Shibao S et al.[2] reported a pilot study to evaluate the safety and immunogenicity of VEGFRs peptide vaccine in patients with recurrent/progressive high grade gliomas. Eight patients received intranodal vaccinations weekly eight (8) times. T-lymphocyte responses against VEGFR epitopes were found in the peripheral blood mononuclear cells in 87.5% of patients. Two achieved progression-free status lasting at least 6 months and two patients with recurrent GBM demonstrated stable disease. An exploratory clinical study of VEGFRs peptide vaccine was conducted by Tamura R et al.[3] in seven patients with progressive NF2-derived schwannomas. Hearing improved in two out of five assessable patients (40%) as determined by international guidelines, with increases in word recognition scores. Tumor volume reductions of ≥20% are observed in two patients, including one in which VEGF antibody (bevacizumab) had not been effective. Both VEGFR1- and VEGFR2-specific CTLs were induced in six patients. Surgery is performed after vaccination in two patients, and significant reductions in the expression of VEGFRs in schwannomas are observed. Therefore, this clinical study demonstrates the safety and preliminary efficacy of VEGFRs peptide vaccination in patients with NF2 and cytotoxic T lymphocytes (CTLs) induced by the vaccination can directly kill a wide variety of cells associated with tumor growth, including tumor vessels, tumor cells, and immunosuppressive cells Treg expressing VEGFR1 and/or 2.


WT1 peptide vaccine

Wilms' tumor 1 protein (WT1) possesses oncogenic functions and is expressed in various kinds of malignancies suggesting WT1 should be one of the most promising cancer antigens. In fact, the WT1 was shown to be highly immunogenic in cancer patients. WT1 peptides that could induce WT1-specific CTLs (WT1 CTL peptides) were identified, and vaccination of cancer patients with these WT1 CTL peptides induced immunological responses led to clinical responses such as solid tumor shrinkage, a decrease in leukemia cells, and reduction of M-protein (multiple myeloma).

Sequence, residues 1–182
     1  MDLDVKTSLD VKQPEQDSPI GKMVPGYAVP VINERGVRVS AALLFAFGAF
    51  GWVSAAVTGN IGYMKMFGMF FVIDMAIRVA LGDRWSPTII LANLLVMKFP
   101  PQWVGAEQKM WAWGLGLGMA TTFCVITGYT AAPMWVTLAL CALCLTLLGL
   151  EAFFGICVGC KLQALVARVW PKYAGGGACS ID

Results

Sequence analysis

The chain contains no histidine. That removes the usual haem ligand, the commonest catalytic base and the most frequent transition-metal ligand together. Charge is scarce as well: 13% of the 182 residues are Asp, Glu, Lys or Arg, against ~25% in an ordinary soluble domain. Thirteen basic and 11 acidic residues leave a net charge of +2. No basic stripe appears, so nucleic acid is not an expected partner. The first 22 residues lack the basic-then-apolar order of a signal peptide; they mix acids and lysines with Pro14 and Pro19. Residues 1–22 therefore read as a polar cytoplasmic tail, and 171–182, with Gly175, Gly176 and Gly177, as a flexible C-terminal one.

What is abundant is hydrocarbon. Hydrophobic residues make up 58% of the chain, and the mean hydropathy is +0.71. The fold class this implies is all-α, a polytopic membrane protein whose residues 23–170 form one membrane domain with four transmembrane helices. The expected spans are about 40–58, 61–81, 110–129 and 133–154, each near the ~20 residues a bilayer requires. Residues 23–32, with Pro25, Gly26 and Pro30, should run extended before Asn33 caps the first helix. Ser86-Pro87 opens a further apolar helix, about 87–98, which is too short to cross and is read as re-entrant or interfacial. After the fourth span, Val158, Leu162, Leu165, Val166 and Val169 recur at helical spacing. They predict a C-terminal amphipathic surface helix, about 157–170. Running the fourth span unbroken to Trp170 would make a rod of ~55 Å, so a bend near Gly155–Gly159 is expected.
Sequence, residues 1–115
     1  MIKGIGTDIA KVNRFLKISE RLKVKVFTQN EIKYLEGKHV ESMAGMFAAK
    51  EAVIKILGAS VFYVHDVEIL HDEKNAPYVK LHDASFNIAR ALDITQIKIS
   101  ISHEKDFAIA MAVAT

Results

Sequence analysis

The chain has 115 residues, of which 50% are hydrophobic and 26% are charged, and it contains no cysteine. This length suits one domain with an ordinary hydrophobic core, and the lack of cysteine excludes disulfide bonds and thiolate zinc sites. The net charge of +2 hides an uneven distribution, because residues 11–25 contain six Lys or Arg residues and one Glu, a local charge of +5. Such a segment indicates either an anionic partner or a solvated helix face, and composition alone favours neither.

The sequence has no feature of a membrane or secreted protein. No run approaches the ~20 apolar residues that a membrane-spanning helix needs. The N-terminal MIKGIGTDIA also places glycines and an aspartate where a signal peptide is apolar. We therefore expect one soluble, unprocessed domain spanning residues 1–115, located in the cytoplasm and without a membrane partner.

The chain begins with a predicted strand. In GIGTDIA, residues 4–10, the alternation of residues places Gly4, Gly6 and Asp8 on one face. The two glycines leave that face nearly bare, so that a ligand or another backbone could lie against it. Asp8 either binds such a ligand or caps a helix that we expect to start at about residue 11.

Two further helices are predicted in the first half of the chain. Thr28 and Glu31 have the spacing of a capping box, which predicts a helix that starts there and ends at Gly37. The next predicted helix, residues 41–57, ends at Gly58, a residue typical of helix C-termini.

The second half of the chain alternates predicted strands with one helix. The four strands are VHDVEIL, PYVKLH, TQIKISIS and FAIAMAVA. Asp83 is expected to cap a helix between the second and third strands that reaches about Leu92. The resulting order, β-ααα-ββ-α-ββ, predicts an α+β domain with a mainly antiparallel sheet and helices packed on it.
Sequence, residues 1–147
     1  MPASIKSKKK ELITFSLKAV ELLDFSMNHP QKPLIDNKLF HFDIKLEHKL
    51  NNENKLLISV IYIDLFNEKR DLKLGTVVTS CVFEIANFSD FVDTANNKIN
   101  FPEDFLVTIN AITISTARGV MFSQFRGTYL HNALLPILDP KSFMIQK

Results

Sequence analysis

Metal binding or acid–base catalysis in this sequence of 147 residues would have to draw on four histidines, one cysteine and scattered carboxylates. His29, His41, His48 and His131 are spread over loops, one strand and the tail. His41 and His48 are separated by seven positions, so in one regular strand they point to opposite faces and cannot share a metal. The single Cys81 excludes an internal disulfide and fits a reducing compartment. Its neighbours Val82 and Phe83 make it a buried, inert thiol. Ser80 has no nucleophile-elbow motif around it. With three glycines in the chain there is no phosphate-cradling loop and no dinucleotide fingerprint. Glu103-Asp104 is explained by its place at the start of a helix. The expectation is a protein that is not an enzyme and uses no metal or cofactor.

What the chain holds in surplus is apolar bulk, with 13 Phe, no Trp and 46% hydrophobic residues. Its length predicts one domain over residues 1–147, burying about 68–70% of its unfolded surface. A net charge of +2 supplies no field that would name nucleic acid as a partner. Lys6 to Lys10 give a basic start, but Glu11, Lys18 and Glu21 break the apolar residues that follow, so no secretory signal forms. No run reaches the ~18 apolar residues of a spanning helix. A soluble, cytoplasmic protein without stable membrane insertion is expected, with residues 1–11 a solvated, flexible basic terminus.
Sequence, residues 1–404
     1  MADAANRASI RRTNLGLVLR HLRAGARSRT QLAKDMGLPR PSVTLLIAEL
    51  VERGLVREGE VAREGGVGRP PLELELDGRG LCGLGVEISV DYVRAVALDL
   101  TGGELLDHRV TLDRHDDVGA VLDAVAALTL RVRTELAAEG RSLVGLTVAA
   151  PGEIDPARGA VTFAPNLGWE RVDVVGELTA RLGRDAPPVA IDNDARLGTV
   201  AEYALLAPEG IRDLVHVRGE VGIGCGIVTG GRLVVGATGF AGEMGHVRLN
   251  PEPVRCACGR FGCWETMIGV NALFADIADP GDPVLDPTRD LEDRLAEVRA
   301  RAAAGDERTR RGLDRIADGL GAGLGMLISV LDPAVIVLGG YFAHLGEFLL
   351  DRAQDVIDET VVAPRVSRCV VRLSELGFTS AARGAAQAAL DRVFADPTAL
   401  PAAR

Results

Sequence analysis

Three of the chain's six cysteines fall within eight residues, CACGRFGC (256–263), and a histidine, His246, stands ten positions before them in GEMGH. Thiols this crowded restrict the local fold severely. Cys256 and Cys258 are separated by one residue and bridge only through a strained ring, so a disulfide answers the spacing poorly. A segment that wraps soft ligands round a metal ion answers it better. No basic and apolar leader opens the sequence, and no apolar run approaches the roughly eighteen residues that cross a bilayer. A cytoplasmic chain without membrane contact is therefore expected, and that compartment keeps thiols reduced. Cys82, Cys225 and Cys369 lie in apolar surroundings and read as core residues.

Diffuse midline glioma (DMG) in children is a highly aggressive, malignant brain tumor that is fatal when relapsed. Hashii Y et al. [4] published an encouraging case report of a pediatric patient who had DMG that regrew after chemoradiotherapy and underwent WT1 peptide vaccination. A 13-year-old Japanese boy was diagnosed with DMG, a grade IV glioma. The patient underwent radiotherapy and chemotherapy with temozolomide. After three cycles of chemotherapy, tumor regrew and translated into deteriorated clinical manifestations. Immunohistochemically, the H3.3K27M mutation in the biopsy specimen was confirmed and the specimen was positive for WT1 protein. The patient received a WT1-specific peptide vaccination because of having human leukocyte antigen A-A*24 (HLA-A*24) Consequently, his quality of life drastically improved so much so that the patient became capable of conducting nearly normal daily activities at weeks 8 to 12 of vaccination. MRI at week 8 of vaccination revealed an obvious reduction in the signal intensity of the tumor. Furthermore, beta-methasone dose could be reduced successively without deteriorating clinical manifestations. The pediatric patient exhibited an encouraging clinical evolution as manifested by stable disease.